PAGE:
One effect of this was to make anyone who took the comments at face value appear foolish and negative. It also meant that simply picking holes in an argument - or exposing lies - missed the point and risked political irrelevance.

Watching John Howard try to avoid the tag of liar made me think back to the tatic of cynical disbelief. Howard has tried to argue that the public don't care about the truth of the children overboard issue any more - that they find it boring. While this is undoubtedly political spin, I have wondered whether there is any truth in the claim.

Do people generally expect that politicians lie and are they therefore unfazed if the 'truth' is outed?

Did Howard nominate 'trust' as the theme of the campaign even though his truthfulness was under question because Howard anticipates that people don't expect the whole truth and nothing but the truth in Government? Did he think that in making it the campaign issue, his lack of truthfulness would not be held against him, but that the statement would encourage his political opponents to focus on the issue, making them seem irrelevant and boring?

Peter Hartcher made the point in today's SMH that trust in politics is not just about truth, but about successful policy. He cites a survey which found that participants rated honesty as the most important attribute for a politician, but listed 'politician's integrity' as only the 14th most important priority for government action. Hartcher concludes from this that 'if trust is defined not as "trust in what the Prime Minister says" but "trust in what he does" then Howard's immunity in the charge of dishonesty instantly makes sense.'

Hartcher goes on to suggest that Howard's call to 'trust' is a negative disguised as a positive because what he really means is, 'don't trust Mark Latham, particularly with the economy.'

A just released Roy Morgan poll found that 60% of people thought that the PM lied about children overboard. Meanwhile, a Newspoll reports that Howard's rating as preferred PM has risen from 47 to 48% in the last two weeks. So basically, more than half the population think the PM is a liar, but they don't necessarily care and on balance it isn't a reason to stop him from being a good Prime Minister.

This episode reminds me of Clinton's 'I did not have relations with that woman' scandal, where only 20% of people believed his story, but 75% wanted him to stay on as President.

Friday, September 03, 2004

A quick review

As comicstriphero frequently uses her expertise and position to pass comment on all things election I thought I would take the chance opened up here to make use of one of the few things I know about: websites.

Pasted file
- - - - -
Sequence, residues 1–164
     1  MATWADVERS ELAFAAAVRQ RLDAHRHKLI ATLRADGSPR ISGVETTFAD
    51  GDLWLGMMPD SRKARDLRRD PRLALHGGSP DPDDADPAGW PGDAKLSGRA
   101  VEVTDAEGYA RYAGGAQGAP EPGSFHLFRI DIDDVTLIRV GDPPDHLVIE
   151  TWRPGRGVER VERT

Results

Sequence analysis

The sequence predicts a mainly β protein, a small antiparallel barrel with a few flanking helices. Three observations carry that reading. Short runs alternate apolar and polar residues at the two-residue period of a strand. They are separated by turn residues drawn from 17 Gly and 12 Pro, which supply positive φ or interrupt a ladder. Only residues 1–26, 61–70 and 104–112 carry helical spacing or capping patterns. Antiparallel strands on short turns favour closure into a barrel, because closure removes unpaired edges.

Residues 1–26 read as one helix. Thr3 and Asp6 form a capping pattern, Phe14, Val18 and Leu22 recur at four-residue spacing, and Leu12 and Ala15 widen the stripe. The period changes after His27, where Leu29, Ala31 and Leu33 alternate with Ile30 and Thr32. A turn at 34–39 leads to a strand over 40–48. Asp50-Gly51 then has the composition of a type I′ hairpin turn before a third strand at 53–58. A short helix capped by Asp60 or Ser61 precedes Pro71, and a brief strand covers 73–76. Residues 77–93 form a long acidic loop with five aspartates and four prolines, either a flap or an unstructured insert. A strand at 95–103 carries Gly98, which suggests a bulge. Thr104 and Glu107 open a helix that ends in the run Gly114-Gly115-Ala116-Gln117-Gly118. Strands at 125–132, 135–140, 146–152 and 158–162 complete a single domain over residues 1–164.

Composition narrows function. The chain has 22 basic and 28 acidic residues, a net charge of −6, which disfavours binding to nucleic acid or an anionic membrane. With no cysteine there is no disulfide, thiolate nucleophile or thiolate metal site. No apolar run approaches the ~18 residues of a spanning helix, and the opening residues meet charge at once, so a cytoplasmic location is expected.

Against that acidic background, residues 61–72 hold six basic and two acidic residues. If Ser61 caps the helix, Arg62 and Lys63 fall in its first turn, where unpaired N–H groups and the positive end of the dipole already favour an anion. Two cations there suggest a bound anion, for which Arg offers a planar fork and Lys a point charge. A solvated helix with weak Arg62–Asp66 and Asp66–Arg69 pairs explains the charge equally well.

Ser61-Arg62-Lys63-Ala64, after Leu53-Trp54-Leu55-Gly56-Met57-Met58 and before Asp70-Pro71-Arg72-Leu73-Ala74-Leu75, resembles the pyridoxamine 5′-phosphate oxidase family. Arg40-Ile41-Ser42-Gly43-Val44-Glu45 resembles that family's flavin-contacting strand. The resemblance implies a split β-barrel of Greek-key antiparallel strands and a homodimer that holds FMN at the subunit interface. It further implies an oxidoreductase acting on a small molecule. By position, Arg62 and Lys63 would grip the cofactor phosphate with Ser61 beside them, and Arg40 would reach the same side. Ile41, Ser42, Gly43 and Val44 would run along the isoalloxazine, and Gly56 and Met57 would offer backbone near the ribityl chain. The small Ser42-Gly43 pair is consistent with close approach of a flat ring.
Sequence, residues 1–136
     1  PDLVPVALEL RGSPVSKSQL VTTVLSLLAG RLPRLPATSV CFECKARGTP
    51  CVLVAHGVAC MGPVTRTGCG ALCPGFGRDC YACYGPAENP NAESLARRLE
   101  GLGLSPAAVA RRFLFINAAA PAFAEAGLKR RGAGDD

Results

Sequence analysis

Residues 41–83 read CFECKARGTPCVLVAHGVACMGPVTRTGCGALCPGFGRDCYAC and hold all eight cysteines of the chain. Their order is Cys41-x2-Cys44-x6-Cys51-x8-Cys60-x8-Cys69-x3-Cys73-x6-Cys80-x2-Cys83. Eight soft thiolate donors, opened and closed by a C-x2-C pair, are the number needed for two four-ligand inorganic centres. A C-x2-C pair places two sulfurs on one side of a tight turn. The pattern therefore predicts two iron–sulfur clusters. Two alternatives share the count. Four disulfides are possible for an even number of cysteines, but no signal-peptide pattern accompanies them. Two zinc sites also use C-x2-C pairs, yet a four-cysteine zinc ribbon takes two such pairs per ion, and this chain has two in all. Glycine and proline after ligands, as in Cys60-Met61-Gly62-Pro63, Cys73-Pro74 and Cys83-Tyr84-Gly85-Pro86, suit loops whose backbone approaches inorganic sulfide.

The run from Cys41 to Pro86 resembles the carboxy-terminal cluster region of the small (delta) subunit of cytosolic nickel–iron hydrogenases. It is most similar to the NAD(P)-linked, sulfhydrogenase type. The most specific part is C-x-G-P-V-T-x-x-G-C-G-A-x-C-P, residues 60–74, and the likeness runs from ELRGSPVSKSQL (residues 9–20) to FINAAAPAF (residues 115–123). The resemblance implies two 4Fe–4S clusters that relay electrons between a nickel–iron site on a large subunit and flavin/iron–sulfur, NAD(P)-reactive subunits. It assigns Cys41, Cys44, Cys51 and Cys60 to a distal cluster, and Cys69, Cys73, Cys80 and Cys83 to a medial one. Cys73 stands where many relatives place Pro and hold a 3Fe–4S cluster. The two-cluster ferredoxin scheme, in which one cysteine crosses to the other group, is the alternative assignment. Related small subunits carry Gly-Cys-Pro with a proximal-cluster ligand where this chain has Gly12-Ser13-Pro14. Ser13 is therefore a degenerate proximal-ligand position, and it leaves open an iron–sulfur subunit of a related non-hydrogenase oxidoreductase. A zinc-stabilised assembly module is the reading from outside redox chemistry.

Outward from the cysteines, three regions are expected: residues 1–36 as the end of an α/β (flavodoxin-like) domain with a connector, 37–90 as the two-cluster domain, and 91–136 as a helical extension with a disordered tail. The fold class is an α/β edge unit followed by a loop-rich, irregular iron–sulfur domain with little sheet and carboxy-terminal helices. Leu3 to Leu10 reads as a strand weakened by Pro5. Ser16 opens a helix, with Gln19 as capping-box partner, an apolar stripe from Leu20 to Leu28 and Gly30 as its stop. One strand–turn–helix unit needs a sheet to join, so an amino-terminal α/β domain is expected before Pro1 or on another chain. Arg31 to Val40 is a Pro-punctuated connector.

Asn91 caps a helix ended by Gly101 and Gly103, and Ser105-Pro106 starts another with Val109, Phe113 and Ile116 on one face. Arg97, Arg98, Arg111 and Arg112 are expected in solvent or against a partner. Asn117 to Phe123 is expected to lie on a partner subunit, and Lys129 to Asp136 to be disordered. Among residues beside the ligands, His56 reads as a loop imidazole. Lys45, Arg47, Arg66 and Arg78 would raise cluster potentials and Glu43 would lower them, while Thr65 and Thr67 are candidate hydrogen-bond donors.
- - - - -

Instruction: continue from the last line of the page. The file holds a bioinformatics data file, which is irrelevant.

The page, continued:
I have performed a very quick review of the websites comicstriphero has pointed out and will now torture you with my learned appraisals. This isn't as silly as it seems - in the US campaign and politican websites are big deals. The web is taken seriously and real effort is put into the web presence of those who need to persuade. Even bloggers get press passes to the Democrat convention. Looking at the websites below one would think it was 1997 and everyone was discovering animated gifs for the first time. As with all things web, Oz is a bit slower to respond and my, how it shows with the small sample below.

Malcolm Turnbull: A distinct lack of content on the most important and timely pages - the news. His news employs a large amount of white space and several lonely looking links. Once inside the site his template works ok and his information architecture isn't too bad but there is a late 90s feel about this site. He is trying to look hip and happening with this web thing by including his 'blogs'. And what interesting reading they make. By the way Malc, it's blog singular and posts plural. I also suspect he doesn't write these posts. Whoever would have guessed.

Gary Nairn: Poor page design, poor information architecture, shmaltzy images (oval frames anyone?) but quite possibly gives the impression he is seeking: "I'd rather dig in the dirt than work in a bloody office with those p**fs." Also, not sure about this web thing, the site tells you where to click, in case you didn't recognise a link when you saw one.

Tony Abbott: Assures us that no taxpayer money was used to fund the site and how it shows. Italics are so difficult to read on the screen but Tony insists on using them in large chunks and in an image. Couldn't he find the italics tag? His news runs off the screen and opens without warning to PDF docs. A usability nightmare.

Larry Anthony: a semi-professional look at first glance but further investigation reveals a half-arsed attempt by someone who got excited about something they did in Photoshop and then threw the site together in an afternoon. His moving image at the top is bloody annoying, other images are blurry and his photo looks like it was taken in the 60s. Perhaps it's his father?

Alan Cadman: What the hell is that content on the front page? "I saw almost every student from these schools..." - what, when you were sitting in your car watching as they came out of school gates? What is that about? Again, goes the whole hog with the banner but seems to forget that you actually need to have something interesting to say on your site otherwise it's just graphic design. His news headlines are riveting: "Water" "Police" "Men" - oh to be able to sub-edit with such wit. Next.